The cool front that blew through Louisiana last week caused the doves to scatter a little bit. However, the folks hunting at Palo Alto Gun and Rod Club in Donaldsonville (225-717-3348) had plenty of chances to shoot, and, as Bubba Lemann said, "If you don't get your limit today, shame on you."


Generations of hunters started showing up at the camp that was built from wood gathered from one of Jean Lafitte's hideouts, and they quickly began reminiscing about past hunts and predicting their success in future hunts. Several young hunters making their first dove hunt had their heads patted, scratched and knuckled as they were introduced to the crowd.

I had been dove hunting before, but I had never hunted like this. The Palo Alto dove shoot could be considered more of a "happening" than a hunt. Trailers ushered us in from the parking areas and dropped us off in front of a pit full of pig, turkeys and sausage. A big cauldron of steaming white beans sat nearby, and plastic bags full of French bread were at the ready.

After Lemann offered safety instructions, a dove report and general guidelines he opened up the chow line. It didn't take long for the groups of hunters to polish off the pork and fixings. Soon thereafter, we loaded all our gear on trailers and headed to the fields.

It wasn't long into our ride before outdoor radio personality Don Dubuc was pointing out doves that were already passing over our heads. We eventually came to a stop, and we all started staking our claims to spots along the ditches that crossed the field – everybody, that was, except for Hokie Gajan who found a comfortable spot under a shade tree to wait them out.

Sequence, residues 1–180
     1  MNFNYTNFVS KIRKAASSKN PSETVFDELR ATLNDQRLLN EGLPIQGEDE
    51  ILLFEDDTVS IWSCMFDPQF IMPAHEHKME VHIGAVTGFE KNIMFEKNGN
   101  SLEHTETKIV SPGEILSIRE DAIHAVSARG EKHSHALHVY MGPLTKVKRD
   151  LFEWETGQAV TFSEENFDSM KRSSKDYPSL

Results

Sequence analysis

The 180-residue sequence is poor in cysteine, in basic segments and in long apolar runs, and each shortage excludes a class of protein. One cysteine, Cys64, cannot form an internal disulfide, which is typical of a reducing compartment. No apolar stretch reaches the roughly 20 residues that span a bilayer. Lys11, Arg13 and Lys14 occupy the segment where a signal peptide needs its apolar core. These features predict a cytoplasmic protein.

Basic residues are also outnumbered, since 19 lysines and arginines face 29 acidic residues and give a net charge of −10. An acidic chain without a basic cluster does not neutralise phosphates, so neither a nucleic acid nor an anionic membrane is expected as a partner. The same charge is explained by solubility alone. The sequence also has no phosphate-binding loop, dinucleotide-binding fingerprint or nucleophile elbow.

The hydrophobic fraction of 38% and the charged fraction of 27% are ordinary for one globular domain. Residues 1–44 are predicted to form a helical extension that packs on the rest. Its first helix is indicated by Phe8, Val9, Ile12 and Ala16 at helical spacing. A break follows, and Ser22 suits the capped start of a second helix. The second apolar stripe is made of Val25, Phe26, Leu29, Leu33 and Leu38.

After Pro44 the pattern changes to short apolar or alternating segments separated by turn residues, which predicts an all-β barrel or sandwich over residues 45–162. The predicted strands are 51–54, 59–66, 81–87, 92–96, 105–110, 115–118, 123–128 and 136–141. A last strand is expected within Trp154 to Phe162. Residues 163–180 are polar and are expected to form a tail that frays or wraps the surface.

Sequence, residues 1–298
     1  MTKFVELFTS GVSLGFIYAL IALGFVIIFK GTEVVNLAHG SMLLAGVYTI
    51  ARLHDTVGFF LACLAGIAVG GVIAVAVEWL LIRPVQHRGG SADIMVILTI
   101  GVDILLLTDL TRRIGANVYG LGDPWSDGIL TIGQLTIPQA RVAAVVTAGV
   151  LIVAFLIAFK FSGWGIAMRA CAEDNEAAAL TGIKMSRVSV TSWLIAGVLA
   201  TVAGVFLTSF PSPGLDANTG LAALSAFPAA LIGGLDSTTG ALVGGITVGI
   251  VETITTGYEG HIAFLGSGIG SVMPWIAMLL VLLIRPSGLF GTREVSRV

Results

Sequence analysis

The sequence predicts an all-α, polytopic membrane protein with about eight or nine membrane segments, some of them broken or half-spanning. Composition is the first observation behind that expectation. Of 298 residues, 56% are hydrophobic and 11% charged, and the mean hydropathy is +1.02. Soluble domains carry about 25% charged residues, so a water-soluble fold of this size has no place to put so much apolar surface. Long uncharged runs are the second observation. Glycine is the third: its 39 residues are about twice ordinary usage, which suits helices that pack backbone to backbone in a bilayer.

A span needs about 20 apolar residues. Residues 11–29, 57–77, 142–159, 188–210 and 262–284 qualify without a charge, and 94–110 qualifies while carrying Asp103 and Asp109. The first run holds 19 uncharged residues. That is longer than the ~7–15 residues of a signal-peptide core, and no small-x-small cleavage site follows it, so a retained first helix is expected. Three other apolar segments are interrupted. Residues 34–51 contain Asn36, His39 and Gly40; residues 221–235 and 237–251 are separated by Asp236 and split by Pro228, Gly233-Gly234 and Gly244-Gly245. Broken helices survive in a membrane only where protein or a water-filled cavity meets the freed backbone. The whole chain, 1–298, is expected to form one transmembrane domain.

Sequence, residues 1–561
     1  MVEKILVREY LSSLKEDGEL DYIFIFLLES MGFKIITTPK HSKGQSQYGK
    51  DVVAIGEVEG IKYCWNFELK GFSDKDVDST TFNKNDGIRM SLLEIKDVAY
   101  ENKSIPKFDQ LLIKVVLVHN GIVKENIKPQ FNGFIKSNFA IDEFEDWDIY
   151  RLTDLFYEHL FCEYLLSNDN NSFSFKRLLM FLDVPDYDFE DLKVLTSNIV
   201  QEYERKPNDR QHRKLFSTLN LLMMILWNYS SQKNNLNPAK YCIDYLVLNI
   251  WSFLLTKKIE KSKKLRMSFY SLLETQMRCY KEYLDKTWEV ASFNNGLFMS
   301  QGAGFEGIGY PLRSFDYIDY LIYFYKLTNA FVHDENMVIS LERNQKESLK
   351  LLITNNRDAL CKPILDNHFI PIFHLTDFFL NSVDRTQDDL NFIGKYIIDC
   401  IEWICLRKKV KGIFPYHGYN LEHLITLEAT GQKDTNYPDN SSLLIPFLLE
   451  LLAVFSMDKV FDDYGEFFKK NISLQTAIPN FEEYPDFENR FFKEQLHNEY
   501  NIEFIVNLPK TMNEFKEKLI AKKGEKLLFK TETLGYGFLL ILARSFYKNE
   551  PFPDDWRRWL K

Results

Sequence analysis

The other side of the field soon sounded like a military firing range as doves began pouring into the field by the hundreds. Shouts of "Over your head," "Look left," and "Is anybody going to shoot that bird?" began to come from the hot side.

A few birds eventually found their way to our side of the field, and everybody was connecting but me. I couldn't have hit one if it was peeking inside my barrel … somebody must have changed my choke when I wasn't looking. I decided to put the gun down and pick up the camera to take advantage of the awesome photography opportunity.

As I made my way around the field, I discovered that several hunters were already close to filling their limits. Some were even walking out to be picked up for the ride back to the camp, where they could pick up their cleaned birds and swap a few more stories.

What I discovered during my trip to Palo Alto is that dove hunting isn't as much about hunting as it is about spending time with family and friends. It's also a rite of passage for young hunters all over Louisiana who will carry on the hunting traditions for several years to come.

Even though the birds were almost an afterthought, the hunters hunting Palo Alto Gun and Rod club this past Saturday took home enough dove breasts to fill a grill over a few times. My only comfort was that I could buy some meat on my way home.